Jared Kushner Ignores Israeli Occupation As He Unveils Palestinian Development Plan

President Donald Trump's son-in-law and senior adviser Jared Kushner arrived in Bahrain on Tuesday to lay out his vision for the economic development of Palestinian communities, part of his long-touted Middle East peace plan.

"Over the past decades there have been numerous stops and starts to the Palestinian economy. Numerous well-intended programs, investments, and plans have been derailed by violence, political instability, and the lack of a resolution to longstanding core issues of this conflict," Kushner began. He then went on to urge listeners to imagine a bustling commercial center in Gaza and the West Bank.

But observers quickly pointed out that Kushner was ignoring the fact that the Israeli government was responsible for stymieing much of the economic development in the West Bank, Gaza, and East Jerusalem.

"In opening Bahrain remarks, the length at which Kushner goes to not mention the Israeli occupation of the [West Bank] or Israeli-led siege of Gaza when explaining how they'll improve the Palestinian economy is just painful for anyone who's from, lived, studied, or worked in 'the region,'" tweeted Miriam Berger, a journalist based in Israel.

Jared Kushner Middle East Plan
Senior White House adviser Jared Kushner attends the conference on Peace and Security in the Middle East in Warsaw, on February 14, 2019. "Expectations are extremely low" for Kushner's Middle East peace plan, Ambassador Dennis Ross said. JANEK SKARZYNSKI/AFP/Getty Images

"Kushner is done. Steve Schwartzman, whose net worth is larger than Palestine's annual GDP, is now on stage telling the Palestinians they should be more like Singapore. This is the funniest thing I've ever watched," Tweeted Gregg Carlstrom, Middle East correspondent for The Economist.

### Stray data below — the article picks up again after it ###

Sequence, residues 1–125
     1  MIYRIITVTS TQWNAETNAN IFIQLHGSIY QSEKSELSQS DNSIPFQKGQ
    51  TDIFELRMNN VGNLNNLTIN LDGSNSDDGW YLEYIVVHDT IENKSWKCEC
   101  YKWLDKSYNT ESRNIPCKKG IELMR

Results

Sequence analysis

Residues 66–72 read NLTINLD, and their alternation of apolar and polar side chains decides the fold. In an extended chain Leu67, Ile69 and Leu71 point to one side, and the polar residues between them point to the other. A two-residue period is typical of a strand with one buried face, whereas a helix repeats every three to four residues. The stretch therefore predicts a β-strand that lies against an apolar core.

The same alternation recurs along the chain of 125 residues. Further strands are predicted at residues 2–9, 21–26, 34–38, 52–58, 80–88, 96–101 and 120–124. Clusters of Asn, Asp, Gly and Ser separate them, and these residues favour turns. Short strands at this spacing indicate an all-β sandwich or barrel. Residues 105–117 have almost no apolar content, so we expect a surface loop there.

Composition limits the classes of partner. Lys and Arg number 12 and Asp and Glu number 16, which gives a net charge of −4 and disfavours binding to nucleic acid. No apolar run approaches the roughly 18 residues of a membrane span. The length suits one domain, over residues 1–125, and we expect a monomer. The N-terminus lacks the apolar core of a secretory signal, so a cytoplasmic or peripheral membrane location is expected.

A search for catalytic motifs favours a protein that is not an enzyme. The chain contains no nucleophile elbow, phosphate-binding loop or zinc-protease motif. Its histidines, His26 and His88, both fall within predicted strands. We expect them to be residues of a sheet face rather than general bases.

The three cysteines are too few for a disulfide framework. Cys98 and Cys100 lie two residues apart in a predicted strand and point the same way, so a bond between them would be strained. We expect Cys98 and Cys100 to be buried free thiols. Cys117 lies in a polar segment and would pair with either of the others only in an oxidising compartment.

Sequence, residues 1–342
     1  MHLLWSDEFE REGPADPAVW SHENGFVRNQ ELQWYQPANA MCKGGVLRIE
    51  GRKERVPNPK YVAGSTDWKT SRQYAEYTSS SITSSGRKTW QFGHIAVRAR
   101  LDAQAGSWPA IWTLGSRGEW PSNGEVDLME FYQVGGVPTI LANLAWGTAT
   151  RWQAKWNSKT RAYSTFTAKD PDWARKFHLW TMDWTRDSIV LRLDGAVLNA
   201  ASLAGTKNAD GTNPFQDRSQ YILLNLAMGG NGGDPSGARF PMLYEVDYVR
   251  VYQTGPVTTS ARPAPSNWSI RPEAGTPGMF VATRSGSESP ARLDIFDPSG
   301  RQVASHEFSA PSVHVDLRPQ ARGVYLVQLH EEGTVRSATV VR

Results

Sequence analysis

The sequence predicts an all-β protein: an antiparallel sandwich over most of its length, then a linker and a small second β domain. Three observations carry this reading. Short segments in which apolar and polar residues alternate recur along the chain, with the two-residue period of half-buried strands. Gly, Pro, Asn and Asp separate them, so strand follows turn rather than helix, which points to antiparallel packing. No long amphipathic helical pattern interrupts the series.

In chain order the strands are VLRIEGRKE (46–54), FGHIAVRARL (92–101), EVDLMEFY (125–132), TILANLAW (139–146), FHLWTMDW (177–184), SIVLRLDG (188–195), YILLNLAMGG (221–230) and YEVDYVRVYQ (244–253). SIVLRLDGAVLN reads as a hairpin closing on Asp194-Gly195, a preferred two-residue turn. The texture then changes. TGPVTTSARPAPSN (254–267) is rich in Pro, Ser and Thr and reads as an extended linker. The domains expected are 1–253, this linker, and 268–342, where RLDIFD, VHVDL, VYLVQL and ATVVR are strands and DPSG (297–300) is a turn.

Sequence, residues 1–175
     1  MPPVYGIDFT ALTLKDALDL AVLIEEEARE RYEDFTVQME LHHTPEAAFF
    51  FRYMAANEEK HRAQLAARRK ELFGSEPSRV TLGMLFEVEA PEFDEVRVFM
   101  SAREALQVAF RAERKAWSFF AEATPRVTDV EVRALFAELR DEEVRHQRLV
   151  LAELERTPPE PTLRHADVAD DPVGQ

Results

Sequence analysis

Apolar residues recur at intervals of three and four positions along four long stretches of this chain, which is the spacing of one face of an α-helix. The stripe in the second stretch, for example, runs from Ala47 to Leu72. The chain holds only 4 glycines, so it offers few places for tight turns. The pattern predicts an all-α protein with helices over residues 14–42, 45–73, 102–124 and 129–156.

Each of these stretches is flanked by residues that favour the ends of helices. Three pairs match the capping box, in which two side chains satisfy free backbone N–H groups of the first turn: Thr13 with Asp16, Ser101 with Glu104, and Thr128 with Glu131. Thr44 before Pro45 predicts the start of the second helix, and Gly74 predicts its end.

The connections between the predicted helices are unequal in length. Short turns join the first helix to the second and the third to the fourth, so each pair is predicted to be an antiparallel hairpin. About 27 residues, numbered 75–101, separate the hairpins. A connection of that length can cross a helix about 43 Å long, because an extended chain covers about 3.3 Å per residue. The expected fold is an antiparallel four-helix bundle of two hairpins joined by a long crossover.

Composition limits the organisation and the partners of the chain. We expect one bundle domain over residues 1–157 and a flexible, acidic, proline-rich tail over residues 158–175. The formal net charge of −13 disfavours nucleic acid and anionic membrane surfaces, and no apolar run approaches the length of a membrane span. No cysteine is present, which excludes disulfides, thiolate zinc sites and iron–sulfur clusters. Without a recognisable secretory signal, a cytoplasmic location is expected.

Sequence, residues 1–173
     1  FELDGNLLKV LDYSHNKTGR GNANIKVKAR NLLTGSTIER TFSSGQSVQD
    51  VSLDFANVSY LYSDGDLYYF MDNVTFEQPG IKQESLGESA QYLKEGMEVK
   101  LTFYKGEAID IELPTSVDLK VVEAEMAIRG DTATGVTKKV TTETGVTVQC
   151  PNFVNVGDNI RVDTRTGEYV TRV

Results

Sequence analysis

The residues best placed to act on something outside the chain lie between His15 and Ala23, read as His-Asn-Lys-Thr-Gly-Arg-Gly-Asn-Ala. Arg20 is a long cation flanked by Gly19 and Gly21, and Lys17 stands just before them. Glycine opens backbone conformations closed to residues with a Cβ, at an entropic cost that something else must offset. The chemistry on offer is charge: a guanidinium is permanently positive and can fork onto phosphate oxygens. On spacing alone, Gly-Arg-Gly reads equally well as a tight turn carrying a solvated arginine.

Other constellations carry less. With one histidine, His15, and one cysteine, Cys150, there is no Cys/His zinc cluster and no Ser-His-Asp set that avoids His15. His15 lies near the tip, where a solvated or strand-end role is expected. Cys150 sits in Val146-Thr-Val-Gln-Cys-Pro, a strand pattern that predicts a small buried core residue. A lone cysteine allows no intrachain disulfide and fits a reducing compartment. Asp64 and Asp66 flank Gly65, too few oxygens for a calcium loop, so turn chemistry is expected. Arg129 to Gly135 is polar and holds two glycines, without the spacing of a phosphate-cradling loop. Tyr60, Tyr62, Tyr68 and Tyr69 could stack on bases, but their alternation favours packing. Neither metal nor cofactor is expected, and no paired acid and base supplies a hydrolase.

On Saturday, the Trump administration released the first part of its Middle East peace plan, a document entitled Peace to Prosperity. The Economic Plan: A New Vision for the Palestinian People. The plan's stated aim is to "unleash the economic potential of the Palestinians by developing property and contract rights, the rule of law, anti-corruption measures, capital markets, a pro-growth tax structure, and a low-tariff scheme with reduced trade barriers."

But many advocates for peace in the region said that the plan also missed the mark.

"While the document's authors correctly identify many of the Palestinian economy's most pressing needs, they fundamentally misdiagnose the root causes of its problems. Underdevelopment in the Palestinian territories is not the result of natural market forces; it is the direct product of over fifty years of Israeli military occupation and policies explicitly designed to stifle the Palestinian economy," the organization Churches for Middle East Peace said in a statement.

"CMEP believes a political solution that grants the Palestinian people their full freedom and right to self-determination is a necessary prerequisite to economic prosperity. Even the most thorough and well-planned economic development proposals will ultimately fail if this most basic condition is not met," the organization continued.

Halie Soifer, executive director of the Jewish Democratic Council of America, argues that the Trump administration's approach is hypocritical given the fact that it cut funding to United Nations relief agencies and other development programs that aimed to help Palestinian communities.

"Jared Kushner's 'Peace to Prosperity Plan' is another example of the Trump administration's hypocritical and vacuous foreign policy. Kushner's glossy brochure features USAID programs this administration has cut, and individuals this administration has marginalized. If they are going to deprive programs of funding, they cannot get away with repackaging them into a brochure and claiming victory," Soifer said.

"Instead of repurposing old ideas and claiming them as their own, we strongly urge the Trump administration to reaffirm its support for a two-state solution, which has been U.S. policy for decades. Two states for two peoples, side-by-side in security and peace, is the foundation of any future peace agreement, not empty promises and glossy images," Soifer added.